Economic triggers have been met to force a reduction in the state income tax in 2014 from 5.25 percent to 5.2 percent.
“We’ll be reduced to 5.2 percent as of Jan. 1 2014,” Administration and Finance Secretary Glen Shor told the News Service.
Asked about the tax cut’s impact on the state budget, Shor said, “There’s lot of moving parts to the budget in any given year.”
The Department of Revenue estimates the tax cut will reduce state revenues by about $65 million in fiscal 2014. The tax cut will take between $125 million and $140 million off the table for the fiscal 2015 budget, with Gov. Deval Patrick set to outline his fiscal 2015 spending plan next month.
Tax receipts are running $359 million above fiscal 2014 benchmark through November. The Department of Revenue reported Wednesday that November tax collections surged 10.6 percent, or $151 million above collections in November 2012. Tax collections are up 9.7 percent over the first five months of fiscal 2014, compared to the same period in fiscal 2013.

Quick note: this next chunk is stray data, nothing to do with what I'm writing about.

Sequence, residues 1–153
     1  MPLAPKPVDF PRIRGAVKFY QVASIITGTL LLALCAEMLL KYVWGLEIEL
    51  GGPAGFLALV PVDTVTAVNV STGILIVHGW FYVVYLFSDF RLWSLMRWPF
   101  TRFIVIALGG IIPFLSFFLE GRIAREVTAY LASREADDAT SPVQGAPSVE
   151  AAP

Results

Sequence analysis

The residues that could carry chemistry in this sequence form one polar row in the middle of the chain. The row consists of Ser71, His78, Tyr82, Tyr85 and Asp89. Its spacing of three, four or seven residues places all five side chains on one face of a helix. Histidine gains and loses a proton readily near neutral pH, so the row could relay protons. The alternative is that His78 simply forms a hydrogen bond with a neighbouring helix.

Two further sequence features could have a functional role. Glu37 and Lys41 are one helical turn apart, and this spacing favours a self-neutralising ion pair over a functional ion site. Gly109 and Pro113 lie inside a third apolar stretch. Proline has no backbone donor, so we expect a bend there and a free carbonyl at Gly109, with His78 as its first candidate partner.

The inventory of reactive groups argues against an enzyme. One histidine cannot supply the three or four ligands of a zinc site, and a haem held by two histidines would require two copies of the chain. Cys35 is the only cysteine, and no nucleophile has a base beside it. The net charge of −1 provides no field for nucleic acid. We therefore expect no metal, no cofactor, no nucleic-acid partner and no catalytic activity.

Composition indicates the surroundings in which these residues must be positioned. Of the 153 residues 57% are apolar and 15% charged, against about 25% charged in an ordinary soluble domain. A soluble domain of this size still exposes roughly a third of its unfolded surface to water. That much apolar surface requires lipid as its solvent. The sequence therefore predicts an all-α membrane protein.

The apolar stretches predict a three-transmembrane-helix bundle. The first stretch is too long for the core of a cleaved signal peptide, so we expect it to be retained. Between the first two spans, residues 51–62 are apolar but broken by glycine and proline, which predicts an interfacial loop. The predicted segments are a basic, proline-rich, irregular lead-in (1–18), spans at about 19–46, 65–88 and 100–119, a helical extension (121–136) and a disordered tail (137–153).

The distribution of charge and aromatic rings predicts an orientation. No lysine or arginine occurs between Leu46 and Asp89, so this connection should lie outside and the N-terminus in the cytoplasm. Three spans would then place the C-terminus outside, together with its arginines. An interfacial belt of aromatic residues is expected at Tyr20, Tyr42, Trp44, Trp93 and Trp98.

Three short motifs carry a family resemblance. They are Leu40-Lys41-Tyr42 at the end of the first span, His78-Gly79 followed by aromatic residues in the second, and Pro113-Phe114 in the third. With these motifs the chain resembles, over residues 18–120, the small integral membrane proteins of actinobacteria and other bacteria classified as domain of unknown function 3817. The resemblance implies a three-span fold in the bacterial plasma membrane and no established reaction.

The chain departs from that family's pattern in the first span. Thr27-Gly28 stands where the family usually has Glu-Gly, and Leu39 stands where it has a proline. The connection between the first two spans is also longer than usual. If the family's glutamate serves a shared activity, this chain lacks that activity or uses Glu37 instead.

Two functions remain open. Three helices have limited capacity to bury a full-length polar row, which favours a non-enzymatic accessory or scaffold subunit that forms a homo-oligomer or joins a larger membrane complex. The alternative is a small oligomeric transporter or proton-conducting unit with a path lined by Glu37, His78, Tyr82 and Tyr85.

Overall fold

Patrick administration officials this fall predicted non-tax revenue in fiscal 2014 may fall short of estimates by $150 million.
Administration officials have repeatedly ignored request for the reasons behind that revised forecast for non-tax revenue, and Shor on Wednesday declined to specify reasons for the revision, offering only the observation that there are many different non-tax revenue sources.
Massachusetts voters in 2000 approved an initiative petition calling to reduce the income tax rate from 5.95 percent to 5 percent by 2003. In 2002, in order to raise $215 million as part of a larger tax package, the state Legislature froze the income tax rate at 5.3 percent and conditioned further reductions on economic growth triggers.
Tax collections had been running above benchmark in early fiscal 2013, but fell just short of meeting the triggers for an income tax reduction this past January.
Calls for increased state spending are beginning ahead of Patrick’s budget filing.
UMass President Robert Caret on Wednesday called for a $40 million increase in state funding for the university, saying a $519 million appropriation would allow tuition and mandatory fees for in-state undergraduate students to be frozen for a second straight year.